“It is an honor to share this work and dream with you.”
It was the first time an all women, contemporary art show had been featured on the Navajo reservation.
It was the first time artwork from tribes other than Dine’ had ever been exhibited at the Navajo Nation Museum.
Thank you for supporting Ziindi in making this happen.
See photos of the event here.
For those of you who were not able to make it, the event started with an opening reception. The director of the Navajo Nation Museum Manuelito Wheeler served as the host, and shared words of support and introduction to the show with the crowd.
“Females have kept us alive, it is only right that we encourage these young women”.
Then the Vice President of the Navajo Nation Rex Lee Jim (Navajo Nation: Rex Lee Jim) spoke beautifully and eloquently both in Diné and English about the need to support shows like this. He is a great supporter of the arts, and mentioned not only should we encourage and support our children to become doctors and lawyers, but also artists, as they are an important part of our history and our community.
Following the Vice President was Navajo Nation Museum curator Clarenda Begay, who spoke of the show and how she became connected to Ziindi and Damian Jim.
Damian Jim shared words regarding the importance of this show, and our inspiration in starting to showcase modern indigenous artists out of a need for spaces that were willing to do so.
“This a Revolutionary Show, the first ever all female show on a reservation”
Executive Director of Ziindi Michelle Ponce then spoke to the audience about the importance and courage of being a woman creating art in 2D and 3D art world dominated by men. She thanked the artists all for your courage, “we honor you with this show”.
Michelle noted that this event was to inspire girls and boys everywhere that being an artist is possible, it is a good thing, and that the community supports them in that journey. Right after artist Nani Chacon, who created the beautiful installation piece, spoke of her participation and role as an artist.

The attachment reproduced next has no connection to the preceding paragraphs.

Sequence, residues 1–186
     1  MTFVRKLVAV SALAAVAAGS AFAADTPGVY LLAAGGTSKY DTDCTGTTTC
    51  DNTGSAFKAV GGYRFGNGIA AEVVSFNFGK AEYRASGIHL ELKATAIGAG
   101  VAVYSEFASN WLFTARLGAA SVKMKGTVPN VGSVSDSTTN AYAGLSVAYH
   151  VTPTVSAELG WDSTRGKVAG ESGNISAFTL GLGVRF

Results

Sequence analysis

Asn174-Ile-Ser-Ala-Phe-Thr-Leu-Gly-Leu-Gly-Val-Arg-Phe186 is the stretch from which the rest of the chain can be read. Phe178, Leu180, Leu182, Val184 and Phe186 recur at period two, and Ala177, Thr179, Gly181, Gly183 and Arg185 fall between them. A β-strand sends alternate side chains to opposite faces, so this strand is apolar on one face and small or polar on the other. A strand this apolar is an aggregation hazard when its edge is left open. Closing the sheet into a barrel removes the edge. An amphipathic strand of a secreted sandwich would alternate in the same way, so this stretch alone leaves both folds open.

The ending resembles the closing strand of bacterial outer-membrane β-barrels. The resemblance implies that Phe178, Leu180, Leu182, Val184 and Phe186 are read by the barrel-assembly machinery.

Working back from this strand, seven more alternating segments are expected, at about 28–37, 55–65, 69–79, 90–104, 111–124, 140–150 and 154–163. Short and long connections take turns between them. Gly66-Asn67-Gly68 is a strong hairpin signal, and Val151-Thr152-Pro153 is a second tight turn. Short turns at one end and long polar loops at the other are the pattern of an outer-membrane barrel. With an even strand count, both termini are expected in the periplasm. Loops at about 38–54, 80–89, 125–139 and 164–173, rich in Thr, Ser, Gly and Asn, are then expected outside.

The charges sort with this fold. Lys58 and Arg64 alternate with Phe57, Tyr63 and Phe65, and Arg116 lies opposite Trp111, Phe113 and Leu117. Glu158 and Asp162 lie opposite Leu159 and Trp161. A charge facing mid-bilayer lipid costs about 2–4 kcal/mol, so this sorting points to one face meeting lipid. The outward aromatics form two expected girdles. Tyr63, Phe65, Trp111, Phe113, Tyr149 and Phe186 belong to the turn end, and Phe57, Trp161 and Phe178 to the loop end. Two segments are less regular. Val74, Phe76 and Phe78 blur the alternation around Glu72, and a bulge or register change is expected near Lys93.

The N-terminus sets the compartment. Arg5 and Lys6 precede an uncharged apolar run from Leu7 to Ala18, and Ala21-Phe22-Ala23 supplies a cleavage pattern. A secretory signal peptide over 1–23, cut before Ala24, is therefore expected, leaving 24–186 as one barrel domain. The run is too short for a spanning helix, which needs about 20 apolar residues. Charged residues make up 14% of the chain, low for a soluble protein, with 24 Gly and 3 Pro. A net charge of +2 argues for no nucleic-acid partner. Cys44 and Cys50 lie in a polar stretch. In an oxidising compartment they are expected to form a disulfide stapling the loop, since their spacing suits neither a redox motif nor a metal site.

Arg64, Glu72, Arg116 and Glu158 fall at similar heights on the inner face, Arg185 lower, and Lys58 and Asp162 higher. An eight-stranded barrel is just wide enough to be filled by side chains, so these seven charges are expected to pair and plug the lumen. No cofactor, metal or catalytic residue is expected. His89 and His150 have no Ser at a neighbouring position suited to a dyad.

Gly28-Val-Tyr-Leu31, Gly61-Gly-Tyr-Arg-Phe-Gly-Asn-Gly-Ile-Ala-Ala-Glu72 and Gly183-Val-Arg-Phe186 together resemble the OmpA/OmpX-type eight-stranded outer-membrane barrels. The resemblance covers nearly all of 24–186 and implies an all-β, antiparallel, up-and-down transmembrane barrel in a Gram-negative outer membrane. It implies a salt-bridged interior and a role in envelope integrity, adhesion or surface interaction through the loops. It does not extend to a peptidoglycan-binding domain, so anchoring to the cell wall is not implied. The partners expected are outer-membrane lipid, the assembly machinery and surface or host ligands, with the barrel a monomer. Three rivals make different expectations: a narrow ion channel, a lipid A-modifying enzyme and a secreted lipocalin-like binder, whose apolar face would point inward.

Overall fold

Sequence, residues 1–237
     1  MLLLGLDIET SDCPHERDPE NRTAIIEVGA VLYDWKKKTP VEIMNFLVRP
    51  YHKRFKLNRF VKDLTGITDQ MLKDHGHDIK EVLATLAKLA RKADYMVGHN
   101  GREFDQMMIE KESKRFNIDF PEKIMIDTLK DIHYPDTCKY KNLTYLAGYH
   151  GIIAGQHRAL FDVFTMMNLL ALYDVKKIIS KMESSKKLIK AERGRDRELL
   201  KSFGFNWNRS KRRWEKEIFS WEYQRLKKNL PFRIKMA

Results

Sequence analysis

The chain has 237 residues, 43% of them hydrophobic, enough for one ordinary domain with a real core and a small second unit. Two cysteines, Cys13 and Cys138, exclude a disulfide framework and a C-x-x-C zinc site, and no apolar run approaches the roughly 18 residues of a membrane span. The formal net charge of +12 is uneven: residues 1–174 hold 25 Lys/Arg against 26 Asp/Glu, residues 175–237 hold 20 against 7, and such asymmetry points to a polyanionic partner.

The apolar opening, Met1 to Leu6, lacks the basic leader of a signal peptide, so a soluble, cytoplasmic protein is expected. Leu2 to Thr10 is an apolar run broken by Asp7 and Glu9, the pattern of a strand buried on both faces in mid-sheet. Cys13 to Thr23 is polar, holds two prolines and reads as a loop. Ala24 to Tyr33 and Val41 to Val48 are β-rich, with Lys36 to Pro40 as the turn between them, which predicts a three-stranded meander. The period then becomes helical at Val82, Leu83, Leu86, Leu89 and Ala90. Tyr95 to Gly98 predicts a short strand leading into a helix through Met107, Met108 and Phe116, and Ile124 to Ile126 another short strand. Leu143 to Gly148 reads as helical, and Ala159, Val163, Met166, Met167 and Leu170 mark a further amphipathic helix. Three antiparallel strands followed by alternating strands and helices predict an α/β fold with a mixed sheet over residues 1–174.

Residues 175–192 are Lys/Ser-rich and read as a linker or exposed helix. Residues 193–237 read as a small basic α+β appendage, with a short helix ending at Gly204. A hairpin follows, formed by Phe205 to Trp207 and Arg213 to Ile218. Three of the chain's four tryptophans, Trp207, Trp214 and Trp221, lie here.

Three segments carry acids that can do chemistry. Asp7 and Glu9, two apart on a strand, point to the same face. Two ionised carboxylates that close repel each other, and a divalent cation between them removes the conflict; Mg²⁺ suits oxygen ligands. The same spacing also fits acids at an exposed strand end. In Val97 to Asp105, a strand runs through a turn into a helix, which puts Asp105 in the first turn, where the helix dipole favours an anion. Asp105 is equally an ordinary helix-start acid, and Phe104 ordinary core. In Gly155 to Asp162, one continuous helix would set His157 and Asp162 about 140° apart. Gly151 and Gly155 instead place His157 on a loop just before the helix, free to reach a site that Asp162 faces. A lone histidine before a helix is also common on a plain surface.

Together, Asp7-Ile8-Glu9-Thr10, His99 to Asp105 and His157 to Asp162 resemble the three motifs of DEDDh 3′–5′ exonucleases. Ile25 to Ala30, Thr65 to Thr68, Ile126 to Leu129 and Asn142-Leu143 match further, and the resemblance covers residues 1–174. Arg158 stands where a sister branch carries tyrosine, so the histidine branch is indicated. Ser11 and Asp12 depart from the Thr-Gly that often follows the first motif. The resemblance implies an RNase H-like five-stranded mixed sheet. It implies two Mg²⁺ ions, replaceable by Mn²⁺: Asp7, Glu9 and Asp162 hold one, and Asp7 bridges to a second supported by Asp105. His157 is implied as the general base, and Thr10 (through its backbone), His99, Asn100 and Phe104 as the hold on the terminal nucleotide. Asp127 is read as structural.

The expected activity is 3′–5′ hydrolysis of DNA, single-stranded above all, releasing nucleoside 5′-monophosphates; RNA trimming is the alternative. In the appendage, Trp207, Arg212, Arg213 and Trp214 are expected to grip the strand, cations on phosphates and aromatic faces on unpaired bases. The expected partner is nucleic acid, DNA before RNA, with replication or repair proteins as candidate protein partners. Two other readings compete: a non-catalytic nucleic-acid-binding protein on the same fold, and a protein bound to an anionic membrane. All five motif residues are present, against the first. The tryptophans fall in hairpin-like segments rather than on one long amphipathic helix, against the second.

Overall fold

After closing remarks from the director Manny Wheeler, the show continued with people coming in throughout the evening.
There were families, children, elders, and youth. The Navajo Times was there to cover the event, and take pictures.
Food was served, and soft ambient music played in the background.
Some of you had tables set up with your beautiful work, and people enjoyed looking at the beautiful exhibit and the artists vendors.
Later in the evening we had a special performance by “Saakred“, an avant-garde performance artist who drove from San Antonio, Texas (!!) to perform. Her work incorporates projected visuals, electronic sounds and beats, movement, and words into a powerful and moving performance. (Video will be available soon.)
The audience was moved and the children loved it! They ran up to her at the end of her performance to ask for autographs and ask her questions.
After Saakred’s performance, DJ Deaddisko aka Vanessa Wilde set up and played music for us all from vinyl records (thanks to Burt Benally for lending equipment) . Lights were set up, she was wonderful!
The night drew to a close around 9pm, as artists and families began to pack up and leave; it had been an inspiring and beautiful evening full of art, family, talented ladies, and an arts community that for the first time were able to see such a beautiful contemporary exhibit at the Museum.
This is the most beautiful and important art show Ziindi has had the honor to work on.
We are proud and humbled at the beauty we have shared and the community we have fostered through this process.
The show will be up until October 2013; we invite you all to come by and see the show in the upcoming months!